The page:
Chan had a stint in financial services prior to 2008. Following the financial tsunami that year, he tapped into corporate finance and investor relations of mainland-based developers. With four years’ working experience at Agile Property Holdings and one year with Zhong An Real Estate, he got himself accustomed to the conditions in the property sector. An overall understanding of the industry, plus his overseas study experience, has equipped him with the ability to play a key role in Aoyuan’s “go global” strategy.

“We had considered trying to hedge domestic policy risks in overseas markets back in 2013, the same year when I joined Aoyuan,” recalls Chan. “It was a quite critical year for the company. At that time, we had just successfully exited the 8 Chang’an Avenue Beijing project and were ready to unleash our potential to pursue new breakthroughs.”

Aoyuan had taken over the uncompleted projects at 8 Chang’an Avenue to become the controlling shareholder in 2009. It invested substantially, but sales had been unsatisfactory. In 2012, the group disposed of its 51-percent equity interest in the project for 14.8 billion yuan (US$2.3 billion).

“The project had been a burden on Aoyuan’s development. After the exit, the company saw contracted sales surge from 5 billion yuan to 10 billion yuan and reached 45.6 billion yuan last year.”

The group began penetrating the Australian market in 2015. “Taking into account the negative performance of many mainland developers, we decided to cooperate with local banks and enterprises when we entered the local market. We talked to eight to nine Australian developers, seeking joint-venture chances.”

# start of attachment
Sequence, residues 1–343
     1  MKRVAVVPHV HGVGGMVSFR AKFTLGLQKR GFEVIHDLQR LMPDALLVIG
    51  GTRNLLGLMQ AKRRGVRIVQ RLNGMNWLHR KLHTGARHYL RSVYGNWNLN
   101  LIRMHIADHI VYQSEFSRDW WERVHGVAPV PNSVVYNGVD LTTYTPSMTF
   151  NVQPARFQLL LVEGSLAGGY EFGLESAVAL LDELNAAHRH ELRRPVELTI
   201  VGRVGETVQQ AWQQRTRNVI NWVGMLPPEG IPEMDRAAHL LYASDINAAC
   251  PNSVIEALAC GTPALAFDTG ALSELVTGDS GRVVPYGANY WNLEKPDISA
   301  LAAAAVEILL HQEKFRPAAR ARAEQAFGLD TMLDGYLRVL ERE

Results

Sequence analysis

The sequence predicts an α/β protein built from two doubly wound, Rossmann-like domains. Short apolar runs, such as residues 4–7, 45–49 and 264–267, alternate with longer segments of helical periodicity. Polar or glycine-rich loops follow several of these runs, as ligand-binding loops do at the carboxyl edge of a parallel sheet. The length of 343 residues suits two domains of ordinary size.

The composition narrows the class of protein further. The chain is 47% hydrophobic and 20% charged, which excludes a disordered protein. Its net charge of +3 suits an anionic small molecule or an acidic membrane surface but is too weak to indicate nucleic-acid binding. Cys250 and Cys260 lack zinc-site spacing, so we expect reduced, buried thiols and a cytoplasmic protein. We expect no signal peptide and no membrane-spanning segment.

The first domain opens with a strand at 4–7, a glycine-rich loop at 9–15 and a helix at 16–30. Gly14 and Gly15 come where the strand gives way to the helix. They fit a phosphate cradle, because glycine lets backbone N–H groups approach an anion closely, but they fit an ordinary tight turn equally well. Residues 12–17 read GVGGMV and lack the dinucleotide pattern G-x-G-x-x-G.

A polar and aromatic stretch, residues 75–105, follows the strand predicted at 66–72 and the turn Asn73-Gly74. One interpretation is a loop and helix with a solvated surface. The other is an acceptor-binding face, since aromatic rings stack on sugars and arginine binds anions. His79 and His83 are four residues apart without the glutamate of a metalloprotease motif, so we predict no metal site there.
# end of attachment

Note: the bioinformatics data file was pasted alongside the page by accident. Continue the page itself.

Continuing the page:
According to Chan, they managed to secure loans for land acquisitions and building construction from some of the “Big Four” Australian banks, including the Commonwealth Bank of Australia and Westpac Banking Corp, to help fuel the group’s push into the Australian property sector.  

“Unlike our peers, we’ve truly opened up the local market as few mainland developers could gain access to financing channels in overseas markets.”

Aoyuan’s first Australian project — One30 Hyde Park — was introduced by a local partner. The project is geared mainly to the local market, with 75 percent of the buyers being Australians. It heralded a good start for the group which, to date, has launched six residential projects in Australia, three of which are under construction and on track for completion this year.

The Australian projects accounted for 3 percent of Aoyuan’s total contracted sales last year. More projects in Canada and Macao will come on stream in 2018, contributing 5 percent, Chan estimates.

Contact the writer at edithlu@chinadailyhk.com


Share this story